DWP confirms ID data breaches
The system that holds data key to the ID cards programme has been breached by staff in over 30 local authorities, the government department has admitted.
Staff in over 30 local authorities have been the subject of serious ID card database security breaches over the last two and a half years, it has emerged.
The incidents were revealed in January, when the Department of Work and Pensions (DWP) issued an information bulletin to the authorities restating its access policy and penalties in light of the breaches.
Yesterday, the DWP confirmed it had sent the bulletin and that it was related to how it had detected staff accessing its Customer Information System (CIS) with "view-only" rights to its data on all UK citizens with a national insurance number.
These instances had no business justification and were detected from August 2006 onwards, in councils across the UK, including three at Sefton Council and two at Glasgow City Council.
The DWP press office issued a statement that said the fact the breaches were detected proved that CIS security measures were working.
"The bulletin included a reminder for local authority staff of the penalties for inappropriate accessing of customer information," it stated. "This is an indication of how seriously the department and local authorities take data security."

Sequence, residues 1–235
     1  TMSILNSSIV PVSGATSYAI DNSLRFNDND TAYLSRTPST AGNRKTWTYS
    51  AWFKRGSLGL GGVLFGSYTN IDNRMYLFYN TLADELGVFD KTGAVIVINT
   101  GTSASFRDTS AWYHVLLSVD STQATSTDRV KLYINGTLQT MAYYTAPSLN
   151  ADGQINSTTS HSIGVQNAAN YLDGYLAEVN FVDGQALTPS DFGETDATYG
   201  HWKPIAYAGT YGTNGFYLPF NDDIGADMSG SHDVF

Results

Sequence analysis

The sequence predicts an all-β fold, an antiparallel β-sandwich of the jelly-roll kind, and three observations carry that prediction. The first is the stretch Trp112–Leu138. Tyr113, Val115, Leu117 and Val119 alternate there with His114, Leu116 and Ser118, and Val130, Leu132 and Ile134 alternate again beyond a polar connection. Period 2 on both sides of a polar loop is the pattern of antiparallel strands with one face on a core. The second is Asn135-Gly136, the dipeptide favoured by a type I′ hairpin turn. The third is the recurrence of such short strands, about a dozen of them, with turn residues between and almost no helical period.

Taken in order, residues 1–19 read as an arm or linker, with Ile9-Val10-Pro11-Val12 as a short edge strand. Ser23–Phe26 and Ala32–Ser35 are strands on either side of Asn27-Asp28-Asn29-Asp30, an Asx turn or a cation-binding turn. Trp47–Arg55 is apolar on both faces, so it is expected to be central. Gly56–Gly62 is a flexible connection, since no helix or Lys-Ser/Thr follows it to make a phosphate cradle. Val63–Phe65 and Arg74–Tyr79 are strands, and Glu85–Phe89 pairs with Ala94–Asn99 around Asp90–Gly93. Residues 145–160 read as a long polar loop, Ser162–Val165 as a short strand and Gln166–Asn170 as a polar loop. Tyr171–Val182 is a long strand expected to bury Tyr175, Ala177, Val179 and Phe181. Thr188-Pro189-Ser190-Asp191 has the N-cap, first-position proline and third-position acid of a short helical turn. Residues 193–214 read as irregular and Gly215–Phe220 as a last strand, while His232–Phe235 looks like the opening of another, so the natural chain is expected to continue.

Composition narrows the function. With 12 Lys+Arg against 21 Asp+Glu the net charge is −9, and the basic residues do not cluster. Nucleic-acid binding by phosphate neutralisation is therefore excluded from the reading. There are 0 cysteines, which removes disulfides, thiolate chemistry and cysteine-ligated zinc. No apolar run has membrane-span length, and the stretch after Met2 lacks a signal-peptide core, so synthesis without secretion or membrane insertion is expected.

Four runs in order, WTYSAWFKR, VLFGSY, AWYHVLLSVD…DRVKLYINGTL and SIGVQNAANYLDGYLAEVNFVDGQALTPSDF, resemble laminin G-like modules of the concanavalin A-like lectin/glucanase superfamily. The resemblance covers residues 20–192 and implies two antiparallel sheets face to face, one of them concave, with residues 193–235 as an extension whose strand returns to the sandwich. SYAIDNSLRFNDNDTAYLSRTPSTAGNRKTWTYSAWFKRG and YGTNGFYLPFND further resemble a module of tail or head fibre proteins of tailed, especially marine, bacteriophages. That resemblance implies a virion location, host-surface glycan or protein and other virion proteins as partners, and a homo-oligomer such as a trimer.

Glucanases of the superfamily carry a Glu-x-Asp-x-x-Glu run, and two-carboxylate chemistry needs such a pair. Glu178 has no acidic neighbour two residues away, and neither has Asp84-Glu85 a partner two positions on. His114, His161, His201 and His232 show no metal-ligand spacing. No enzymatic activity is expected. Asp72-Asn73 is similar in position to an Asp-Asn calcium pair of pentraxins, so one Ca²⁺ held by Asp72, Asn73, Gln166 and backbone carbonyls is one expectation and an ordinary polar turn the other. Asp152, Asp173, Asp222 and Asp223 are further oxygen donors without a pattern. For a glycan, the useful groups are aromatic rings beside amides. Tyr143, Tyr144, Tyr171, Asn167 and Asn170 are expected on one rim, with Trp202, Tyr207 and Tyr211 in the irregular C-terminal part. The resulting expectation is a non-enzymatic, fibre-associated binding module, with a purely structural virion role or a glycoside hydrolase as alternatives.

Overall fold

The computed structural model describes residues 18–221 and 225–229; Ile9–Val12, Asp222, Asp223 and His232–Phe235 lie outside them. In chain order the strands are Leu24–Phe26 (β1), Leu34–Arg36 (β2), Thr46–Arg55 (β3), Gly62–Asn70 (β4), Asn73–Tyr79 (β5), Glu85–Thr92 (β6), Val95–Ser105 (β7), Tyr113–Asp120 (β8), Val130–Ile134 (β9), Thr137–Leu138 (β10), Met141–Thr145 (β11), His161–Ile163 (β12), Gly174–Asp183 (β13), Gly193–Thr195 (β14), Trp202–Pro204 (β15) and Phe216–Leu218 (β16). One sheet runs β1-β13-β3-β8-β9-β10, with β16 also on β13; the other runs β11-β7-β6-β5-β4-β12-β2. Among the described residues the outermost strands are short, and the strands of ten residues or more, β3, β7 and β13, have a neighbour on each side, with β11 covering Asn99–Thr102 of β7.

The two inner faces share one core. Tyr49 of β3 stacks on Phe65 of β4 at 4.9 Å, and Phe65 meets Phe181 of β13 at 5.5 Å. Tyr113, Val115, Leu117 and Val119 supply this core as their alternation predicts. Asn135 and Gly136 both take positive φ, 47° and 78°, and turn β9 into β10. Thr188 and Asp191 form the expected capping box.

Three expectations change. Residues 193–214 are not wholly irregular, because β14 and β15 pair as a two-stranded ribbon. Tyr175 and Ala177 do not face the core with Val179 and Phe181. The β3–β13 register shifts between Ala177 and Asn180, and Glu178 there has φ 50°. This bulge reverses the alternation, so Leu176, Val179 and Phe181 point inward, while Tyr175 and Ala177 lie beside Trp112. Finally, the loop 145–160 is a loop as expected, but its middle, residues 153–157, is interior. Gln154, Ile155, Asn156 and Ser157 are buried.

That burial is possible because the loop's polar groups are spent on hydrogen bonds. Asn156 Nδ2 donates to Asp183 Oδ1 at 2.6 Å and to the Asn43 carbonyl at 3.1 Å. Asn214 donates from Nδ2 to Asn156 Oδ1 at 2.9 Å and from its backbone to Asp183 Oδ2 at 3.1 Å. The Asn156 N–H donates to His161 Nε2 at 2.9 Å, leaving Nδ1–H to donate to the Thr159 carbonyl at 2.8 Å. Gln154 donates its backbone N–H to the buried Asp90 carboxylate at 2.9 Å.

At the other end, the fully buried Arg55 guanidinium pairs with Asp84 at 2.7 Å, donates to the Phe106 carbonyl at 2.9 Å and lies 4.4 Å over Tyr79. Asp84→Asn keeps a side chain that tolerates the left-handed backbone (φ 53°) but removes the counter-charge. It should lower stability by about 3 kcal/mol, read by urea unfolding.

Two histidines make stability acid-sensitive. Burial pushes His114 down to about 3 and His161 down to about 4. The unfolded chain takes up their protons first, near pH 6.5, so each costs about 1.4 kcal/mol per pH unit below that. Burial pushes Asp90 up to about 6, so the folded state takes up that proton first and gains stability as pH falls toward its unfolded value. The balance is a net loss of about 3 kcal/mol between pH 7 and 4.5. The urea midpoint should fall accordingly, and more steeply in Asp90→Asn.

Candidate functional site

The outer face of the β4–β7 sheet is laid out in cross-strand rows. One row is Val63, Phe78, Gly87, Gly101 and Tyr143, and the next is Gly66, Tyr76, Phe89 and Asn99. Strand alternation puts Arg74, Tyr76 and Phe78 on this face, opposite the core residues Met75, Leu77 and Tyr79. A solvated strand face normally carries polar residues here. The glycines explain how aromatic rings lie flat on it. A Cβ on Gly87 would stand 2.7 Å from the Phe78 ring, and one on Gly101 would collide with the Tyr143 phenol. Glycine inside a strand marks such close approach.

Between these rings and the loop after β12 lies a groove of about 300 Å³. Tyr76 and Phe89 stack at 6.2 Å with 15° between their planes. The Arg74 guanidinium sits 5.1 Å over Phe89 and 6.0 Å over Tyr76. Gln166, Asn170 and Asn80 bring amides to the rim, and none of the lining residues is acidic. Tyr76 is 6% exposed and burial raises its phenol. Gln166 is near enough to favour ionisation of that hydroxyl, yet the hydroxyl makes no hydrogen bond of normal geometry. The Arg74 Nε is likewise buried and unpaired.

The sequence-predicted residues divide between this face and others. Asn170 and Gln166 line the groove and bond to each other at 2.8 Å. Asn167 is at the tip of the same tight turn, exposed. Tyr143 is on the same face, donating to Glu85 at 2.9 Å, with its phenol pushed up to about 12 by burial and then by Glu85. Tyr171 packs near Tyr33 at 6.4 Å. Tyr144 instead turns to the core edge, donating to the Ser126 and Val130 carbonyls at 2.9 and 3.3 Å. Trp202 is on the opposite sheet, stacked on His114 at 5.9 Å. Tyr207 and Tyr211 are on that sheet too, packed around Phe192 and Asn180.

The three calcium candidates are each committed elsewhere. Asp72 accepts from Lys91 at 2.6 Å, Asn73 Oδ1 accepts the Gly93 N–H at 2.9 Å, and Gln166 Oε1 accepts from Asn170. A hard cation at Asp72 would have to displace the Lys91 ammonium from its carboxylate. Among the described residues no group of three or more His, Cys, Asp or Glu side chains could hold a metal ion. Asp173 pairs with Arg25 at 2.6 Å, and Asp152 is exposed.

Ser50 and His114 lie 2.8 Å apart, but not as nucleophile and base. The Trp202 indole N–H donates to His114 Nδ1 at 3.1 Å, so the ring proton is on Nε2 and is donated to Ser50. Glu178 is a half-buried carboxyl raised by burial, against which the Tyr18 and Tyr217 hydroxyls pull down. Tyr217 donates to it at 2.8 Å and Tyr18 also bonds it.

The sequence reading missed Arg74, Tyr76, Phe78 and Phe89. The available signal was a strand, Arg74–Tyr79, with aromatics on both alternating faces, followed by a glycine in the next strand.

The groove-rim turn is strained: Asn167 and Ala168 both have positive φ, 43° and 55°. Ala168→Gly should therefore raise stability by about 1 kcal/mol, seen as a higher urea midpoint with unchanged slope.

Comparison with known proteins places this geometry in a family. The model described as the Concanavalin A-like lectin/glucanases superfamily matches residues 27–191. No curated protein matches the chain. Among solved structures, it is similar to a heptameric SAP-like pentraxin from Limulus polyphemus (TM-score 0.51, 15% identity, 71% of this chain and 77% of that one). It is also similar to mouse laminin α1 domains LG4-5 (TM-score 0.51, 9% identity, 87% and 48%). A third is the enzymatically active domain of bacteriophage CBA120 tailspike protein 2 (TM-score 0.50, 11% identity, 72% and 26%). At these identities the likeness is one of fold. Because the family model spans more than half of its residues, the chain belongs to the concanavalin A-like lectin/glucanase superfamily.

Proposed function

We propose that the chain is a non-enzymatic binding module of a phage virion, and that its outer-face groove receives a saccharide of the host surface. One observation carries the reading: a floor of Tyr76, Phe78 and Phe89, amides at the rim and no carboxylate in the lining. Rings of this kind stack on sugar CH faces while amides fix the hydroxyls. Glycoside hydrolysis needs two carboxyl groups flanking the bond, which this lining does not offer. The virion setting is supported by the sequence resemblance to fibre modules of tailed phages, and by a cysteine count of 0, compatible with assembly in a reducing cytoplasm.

The penalties for unauthorised CIS access, such as viewing personal records or those of others they may know, include possible disciplinary action or prosecution.
Mark Evans, marketing and communications director at IT security specialist Imerja, said the incidents proved there is a real need for staff in every organisation to be better educated about IT security policies.
"The problem remains that, even with restricted access, there are still people who struggle to understand the importance of IT security and will write their login details on Post-It' notes for anyone to see," he said.
"What we don't know in this case is whether any of the detected breaches were malicious or if they were simply people misusing the database by taking shortcuts or even using it as a contacts directory. People don't realise how easy it is to breach IT security protocol."
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